Today is the last day--a winner will be announced tomorrow morning! Don't forget to enter the Children of the 90s Ultimate Nostalgia-Fest 2010 Giveaway! It's open until Wednesday, February 17. Click here to see rules and enter for your chance to win some fun Goosebumps, BSC, Magic Eye, Lisa Frank, Pete and Pete, and more!I'm not saying our generation watched too much TV, but it's pretty telling that I've yet to witness someone break into, "Innnnn West Philadelphia, born and raised..." without an entire room of 20-somethings clambering to joining in. If I even overhear someone humming what sounds to be the opening bars of Rockapella's iconic Where in the World of Carmen San Diego theme, I'm wont to fill in the mid-range harmony bits from distances of up to 100 feet. True story. It may or may not have happened at the gym.*
It's almost a physiological reaction; we just can't help ourselves. Somewhere along the way, we've collected an arsenal of television theme song lyrics that are laying dormant in the darkest nether regions of our brains. We have an excellent command of the instrumental themes as well, but they fail to command the same involuntary knee-jerk reaction. Singing along to your old favorite TV intros has a way of transporting you right back onto your childhood couch, covered in Pringle crumbs, sipping on a Kool-Aid Burst. It's the magic of memory. Or maybe just a testament to the innumerable hours we all logged in front of the tube during our formative years.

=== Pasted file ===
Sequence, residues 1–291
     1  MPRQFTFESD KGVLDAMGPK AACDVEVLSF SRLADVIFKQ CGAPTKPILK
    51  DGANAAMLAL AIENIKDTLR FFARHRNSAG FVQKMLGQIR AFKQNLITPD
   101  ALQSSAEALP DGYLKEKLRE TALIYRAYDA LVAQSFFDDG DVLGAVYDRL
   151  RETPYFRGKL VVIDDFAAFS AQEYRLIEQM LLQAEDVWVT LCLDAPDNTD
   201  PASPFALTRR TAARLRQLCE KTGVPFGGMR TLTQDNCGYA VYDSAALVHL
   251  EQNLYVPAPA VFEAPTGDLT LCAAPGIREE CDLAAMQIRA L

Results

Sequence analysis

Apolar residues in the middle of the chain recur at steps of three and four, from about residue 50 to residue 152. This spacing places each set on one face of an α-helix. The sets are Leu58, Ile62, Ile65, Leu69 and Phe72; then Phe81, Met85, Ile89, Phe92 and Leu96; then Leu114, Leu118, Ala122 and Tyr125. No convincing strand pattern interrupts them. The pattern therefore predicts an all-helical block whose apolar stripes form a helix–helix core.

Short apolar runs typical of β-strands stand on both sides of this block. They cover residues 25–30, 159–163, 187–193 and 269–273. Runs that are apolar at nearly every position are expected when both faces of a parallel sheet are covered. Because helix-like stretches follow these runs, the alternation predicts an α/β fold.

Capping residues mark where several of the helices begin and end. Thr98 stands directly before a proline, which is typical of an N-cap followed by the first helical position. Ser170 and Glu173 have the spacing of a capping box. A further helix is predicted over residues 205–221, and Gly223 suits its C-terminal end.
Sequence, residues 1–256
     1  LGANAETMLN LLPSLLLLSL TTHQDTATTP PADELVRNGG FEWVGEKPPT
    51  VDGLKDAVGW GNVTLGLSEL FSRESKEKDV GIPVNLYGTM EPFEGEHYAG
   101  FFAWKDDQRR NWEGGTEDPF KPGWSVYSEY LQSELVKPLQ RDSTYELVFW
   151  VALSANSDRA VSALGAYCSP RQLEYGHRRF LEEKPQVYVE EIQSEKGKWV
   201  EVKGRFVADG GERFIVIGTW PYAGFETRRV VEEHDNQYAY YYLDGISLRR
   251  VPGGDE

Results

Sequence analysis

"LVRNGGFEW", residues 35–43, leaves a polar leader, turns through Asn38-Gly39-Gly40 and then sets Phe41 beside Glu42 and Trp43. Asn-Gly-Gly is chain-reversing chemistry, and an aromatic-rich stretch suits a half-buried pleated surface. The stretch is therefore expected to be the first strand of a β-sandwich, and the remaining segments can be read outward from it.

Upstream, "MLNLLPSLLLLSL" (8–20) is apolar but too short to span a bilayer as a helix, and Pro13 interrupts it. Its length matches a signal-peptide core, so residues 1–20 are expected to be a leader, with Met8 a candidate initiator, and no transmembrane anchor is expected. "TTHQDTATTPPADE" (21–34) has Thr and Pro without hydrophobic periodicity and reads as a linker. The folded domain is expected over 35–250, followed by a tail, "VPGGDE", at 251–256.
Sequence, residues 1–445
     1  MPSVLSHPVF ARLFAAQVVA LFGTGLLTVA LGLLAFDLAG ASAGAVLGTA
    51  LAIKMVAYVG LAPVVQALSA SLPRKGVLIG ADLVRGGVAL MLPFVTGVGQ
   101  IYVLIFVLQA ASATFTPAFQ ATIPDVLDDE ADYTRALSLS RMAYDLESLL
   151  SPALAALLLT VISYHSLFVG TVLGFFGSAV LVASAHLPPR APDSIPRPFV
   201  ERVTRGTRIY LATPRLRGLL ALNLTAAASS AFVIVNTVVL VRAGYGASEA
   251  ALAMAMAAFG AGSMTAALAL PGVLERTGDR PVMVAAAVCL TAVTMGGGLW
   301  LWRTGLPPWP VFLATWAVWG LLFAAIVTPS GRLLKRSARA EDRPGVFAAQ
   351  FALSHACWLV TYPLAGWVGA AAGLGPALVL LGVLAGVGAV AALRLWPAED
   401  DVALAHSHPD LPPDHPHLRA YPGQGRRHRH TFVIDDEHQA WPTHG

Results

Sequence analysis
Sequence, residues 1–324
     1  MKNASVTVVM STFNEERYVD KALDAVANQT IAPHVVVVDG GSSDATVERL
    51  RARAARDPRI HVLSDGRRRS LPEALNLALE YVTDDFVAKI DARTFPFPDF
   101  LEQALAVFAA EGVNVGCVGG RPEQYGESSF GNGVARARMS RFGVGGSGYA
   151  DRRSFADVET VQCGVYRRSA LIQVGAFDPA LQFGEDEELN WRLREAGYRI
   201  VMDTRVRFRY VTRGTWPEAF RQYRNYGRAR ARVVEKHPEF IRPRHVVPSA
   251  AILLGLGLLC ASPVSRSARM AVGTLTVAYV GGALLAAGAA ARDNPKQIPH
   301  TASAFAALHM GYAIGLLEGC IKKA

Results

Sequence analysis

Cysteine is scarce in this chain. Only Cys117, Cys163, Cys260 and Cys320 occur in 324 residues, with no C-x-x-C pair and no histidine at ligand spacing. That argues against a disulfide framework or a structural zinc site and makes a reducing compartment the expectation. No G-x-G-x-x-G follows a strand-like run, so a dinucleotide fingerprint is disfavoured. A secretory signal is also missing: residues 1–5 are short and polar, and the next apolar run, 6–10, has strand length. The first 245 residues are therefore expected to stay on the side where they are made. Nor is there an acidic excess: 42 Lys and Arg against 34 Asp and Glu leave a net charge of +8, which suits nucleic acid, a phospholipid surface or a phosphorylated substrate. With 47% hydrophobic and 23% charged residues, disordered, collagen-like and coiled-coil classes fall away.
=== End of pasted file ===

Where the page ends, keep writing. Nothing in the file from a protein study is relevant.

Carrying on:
Whether or not you liked the shows was almost irrelevant. Some of them were worth watching on the merit of introductory song alone. For the most part, though, they lived up to the immense promise of their catchy theme tunes. For whatever reason, they were irrepressibly memorable:
Where in the World is Carmen San Diego?
Love it or hate it, you've got to admit Rockapella did their homework. PBS commissioned the Carmen San Diego children's game show in direct response to the abysmal perfomance of American students on geography standards. Rockapella managed to squeeze almost every location on earth into their three-minute theme song, not to mention the wealth of groan-inducing puns they sprinkled throughout.